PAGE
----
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Press Release from the Journal of Marketing: What Keeps Unhappy Customers from Sharing Their Opinions with Brands

Matt Weingarden

Researchers from California Polytechnic State University, University of Miami, and College of William & Mary published a new paper in the Journal of Marketing which demonstrates that consumers’ likelihood to share opinions directly with a brand depends on their satisfaction with the brand.

The study, forthcoming in the Journal of Marketing, is titled “Why Unhappy Customers are Unlikely to Share Their Opinions with Brands” and is authored by Chris Hydock, Zoey Chen, and Kurt Carlson. 

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The study addresses the fact that for brands to succeed, it is imperative that they understand consumer sentiment—what customers think about the brand and products. Brands derive much of this understanding from the information and opinions consumers share with them. Intuitively, one might assume that direct consumer-to-brand opinion sharing is most likely to occur among those with very positive or very negative attitudes toward a brand. This intuition is echoed by managers: In a survey of business professionals that asked about the relationship between customers’ attitude toward a brand and their likelihood to share with the brand, the majority expected a U-shape relationship.

Counter to this intuition, this new study demonstrates that consumers’ likelihood to share opinions directly with a brand depends on a confluence of psychological mechanisms that result in a hockey-stick-shaped relationship between attitude level and sharing (“__/”). Among those with a positive attitude towards the brand, the research shows that the more positive a consumer’s attitude, the more likely they are to share their opinions with the brand due to reciprocity norms, explaining the right side of the “__/” attitude-sharing relationship. However, among those with a negative attitude toward a brand, two counteracting factors result in a null relationship between attitude and sharing. First, as attitude toward the brand becomes more negative, consumers are more likely to share due to a desire to vent. Importantly, though, a second factor is relevant when sharing with brands: the attitude object and audience are one in the same (the brand). Hydock explains that, “People tend to avoid sharing negative information with the attitude object because doing so induces social discomfort and guilt. Given that people often anthropomorphize brands, it follows then that unhappy consumers may be averse to sharing negativity with the brand.” This aversion to criticize counteracts the desire to vent (explaining the left side of the “__/”). These findings are counter to the U-shaped relationship that is found between attitude and sharing with other consumers (WOM).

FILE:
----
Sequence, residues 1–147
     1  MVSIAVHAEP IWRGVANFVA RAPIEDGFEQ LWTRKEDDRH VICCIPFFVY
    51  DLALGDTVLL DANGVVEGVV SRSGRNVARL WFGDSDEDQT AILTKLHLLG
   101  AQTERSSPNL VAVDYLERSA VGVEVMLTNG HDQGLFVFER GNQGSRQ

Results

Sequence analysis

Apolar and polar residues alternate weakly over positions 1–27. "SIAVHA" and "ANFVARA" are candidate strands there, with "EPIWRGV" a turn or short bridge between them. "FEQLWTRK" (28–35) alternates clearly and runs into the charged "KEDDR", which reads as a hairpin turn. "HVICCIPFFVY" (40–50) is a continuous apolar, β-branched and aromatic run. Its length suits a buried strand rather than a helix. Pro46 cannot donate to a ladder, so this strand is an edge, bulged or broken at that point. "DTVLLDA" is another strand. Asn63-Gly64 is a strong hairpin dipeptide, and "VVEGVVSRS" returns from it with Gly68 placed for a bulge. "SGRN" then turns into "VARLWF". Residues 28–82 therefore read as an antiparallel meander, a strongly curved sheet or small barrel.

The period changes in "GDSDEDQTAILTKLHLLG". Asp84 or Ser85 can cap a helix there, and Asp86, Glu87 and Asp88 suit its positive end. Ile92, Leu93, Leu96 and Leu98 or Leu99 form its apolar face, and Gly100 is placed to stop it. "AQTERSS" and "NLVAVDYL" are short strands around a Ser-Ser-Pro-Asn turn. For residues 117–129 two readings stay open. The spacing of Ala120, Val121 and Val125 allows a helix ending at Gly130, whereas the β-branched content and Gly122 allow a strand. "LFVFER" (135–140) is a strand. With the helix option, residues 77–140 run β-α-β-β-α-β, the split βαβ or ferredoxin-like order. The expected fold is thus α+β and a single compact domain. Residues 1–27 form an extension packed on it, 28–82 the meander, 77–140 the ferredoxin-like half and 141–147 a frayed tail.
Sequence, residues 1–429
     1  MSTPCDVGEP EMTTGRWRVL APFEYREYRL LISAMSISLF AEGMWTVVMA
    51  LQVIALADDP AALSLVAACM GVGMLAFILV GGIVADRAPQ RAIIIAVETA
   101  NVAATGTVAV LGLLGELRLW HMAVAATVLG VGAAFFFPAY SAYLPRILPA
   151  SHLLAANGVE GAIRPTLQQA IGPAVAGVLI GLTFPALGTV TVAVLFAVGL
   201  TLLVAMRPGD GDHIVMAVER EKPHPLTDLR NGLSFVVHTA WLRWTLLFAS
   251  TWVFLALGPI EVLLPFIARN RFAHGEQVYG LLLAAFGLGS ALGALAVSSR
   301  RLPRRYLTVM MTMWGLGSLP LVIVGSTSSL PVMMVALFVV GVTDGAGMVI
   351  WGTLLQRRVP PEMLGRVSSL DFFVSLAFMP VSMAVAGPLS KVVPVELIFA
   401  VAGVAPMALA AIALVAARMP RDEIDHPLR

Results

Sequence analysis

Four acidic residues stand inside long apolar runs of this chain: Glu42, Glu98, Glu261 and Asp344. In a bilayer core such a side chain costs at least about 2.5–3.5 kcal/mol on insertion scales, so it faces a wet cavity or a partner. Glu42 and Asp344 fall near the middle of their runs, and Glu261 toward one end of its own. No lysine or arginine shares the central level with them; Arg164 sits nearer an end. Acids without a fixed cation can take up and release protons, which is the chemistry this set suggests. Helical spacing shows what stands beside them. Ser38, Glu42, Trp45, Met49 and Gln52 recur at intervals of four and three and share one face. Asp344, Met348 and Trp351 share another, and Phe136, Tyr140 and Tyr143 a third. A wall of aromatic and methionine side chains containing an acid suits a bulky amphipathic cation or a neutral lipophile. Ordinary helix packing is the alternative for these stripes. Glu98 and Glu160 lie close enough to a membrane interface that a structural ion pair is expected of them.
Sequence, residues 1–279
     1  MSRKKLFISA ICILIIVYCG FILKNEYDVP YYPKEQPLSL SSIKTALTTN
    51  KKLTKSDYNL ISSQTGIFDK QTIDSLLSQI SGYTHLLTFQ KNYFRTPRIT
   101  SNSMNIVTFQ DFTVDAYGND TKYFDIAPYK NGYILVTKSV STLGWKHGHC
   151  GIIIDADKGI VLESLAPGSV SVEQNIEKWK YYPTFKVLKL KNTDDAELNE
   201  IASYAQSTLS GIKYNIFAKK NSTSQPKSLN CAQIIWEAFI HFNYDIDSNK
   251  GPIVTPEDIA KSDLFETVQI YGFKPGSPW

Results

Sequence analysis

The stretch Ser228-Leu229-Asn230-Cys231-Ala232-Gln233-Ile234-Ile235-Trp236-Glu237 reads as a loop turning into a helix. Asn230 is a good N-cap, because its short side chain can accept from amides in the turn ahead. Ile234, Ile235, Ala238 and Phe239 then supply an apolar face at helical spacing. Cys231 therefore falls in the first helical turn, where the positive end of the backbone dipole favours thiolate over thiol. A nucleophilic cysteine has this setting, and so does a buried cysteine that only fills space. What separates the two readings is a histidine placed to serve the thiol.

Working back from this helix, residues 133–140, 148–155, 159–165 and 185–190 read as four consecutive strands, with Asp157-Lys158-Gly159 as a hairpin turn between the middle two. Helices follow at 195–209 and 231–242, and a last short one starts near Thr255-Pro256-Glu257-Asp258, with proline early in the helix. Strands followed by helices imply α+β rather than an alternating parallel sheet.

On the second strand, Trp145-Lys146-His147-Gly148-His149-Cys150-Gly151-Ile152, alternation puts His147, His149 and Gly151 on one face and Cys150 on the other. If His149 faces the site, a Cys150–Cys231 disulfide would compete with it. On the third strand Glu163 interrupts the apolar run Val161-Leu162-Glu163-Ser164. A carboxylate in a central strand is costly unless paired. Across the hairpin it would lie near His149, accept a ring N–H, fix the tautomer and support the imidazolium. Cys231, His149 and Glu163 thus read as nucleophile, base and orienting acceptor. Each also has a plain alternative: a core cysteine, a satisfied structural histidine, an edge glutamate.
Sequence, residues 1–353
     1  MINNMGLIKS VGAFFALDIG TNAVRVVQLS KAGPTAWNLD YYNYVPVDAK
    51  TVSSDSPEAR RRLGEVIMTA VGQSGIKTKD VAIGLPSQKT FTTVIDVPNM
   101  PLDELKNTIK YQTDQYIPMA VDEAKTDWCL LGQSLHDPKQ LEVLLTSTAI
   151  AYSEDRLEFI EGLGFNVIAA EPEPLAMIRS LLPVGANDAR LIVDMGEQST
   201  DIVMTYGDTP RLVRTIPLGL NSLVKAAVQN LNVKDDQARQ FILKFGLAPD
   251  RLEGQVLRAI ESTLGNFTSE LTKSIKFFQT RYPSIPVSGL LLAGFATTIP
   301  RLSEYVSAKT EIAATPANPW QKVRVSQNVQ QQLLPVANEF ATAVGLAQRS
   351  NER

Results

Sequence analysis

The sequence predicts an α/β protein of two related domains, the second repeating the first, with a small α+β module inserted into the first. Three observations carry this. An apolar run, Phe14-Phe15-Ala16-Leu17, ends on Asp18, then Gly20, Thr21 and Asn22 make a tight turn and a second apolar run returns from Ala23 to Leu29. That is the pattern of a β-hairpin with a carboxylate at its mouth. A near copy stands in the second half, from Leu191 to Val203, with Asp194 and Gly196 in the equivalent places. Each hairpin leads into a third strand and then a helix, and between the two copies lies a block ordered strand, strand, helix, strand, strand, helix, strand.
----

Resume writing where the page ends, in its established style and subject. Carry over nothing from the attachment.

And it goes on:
The research team studied these ideas in a series of studies including two that measure real sharing behavior. As revealed in these studies, consumers who have a greater discomfort criticizing brands are especially less likely to share negative opinions with the brand. Chen adds, “Interestingly, we also show that in scenarios where consumers are unable to leave their relationship with a brand, their overwhelming desire to vent can overpower their typical aversion to criticize.” 

For practitioners interested in understanding consumer sentiment, this work suggests that the information consumers share with brands may be non-representative and positive leaning. This bias highlights the need for firms to adopt opinion-seeking strategies that minimize consumers’ anticipated discomfort (i.e. their aversion to criticize) or to provide sufficient incentives to overcome this psychological barrier. In this vein, one of the studies demonstrates that significant incentives can motivate those with negative attitudes to be just as likely to share their opinions with a brand as those with positive attitudes—providing a potential, though costly, remedy. 

Full article and author contact information available at: https://doi.org/10.1177/0022242920920295

About the Journal of Marketing 
The Journal of Marketing develops and disseminates knowledge about real-world marketing questions useful to scholars, educators, managers, policy makers, consumers, and other societal stakeholders around the world. Published by the American Marketing Association since its founding in 1936, JM has played a significant role in shaping the content and boundaries of the marketing discipline. Christine Moorman (T. Austin Finch, Sr. Professor of Business Administration at the Fuqua School of Business, Duke University) serves as the current Editor in Chief. 
https://www.ama.org/jm

About the American Marketing Association (AMA) 
As the largest chapter-based marketing association in the world, the AMA is trusted by marketing and sales professionals to help them discover what’s coming next in the industry. The AMA has a community of local chapters in more than 70 cities and 350 college campuses throughout North America. The AMA is home to award-winning content, PCM® professional certification, premiere academic journals, and industry-leading training events and conferences.  
https://www.ama.org/

Matt Weingarden is Director, Integrated Academic Content, a role which includes serving as publisher and managing editor of the AMA's four scholarly journals, as well as managing the AMA's numerous academic conferences and academic community initiatives.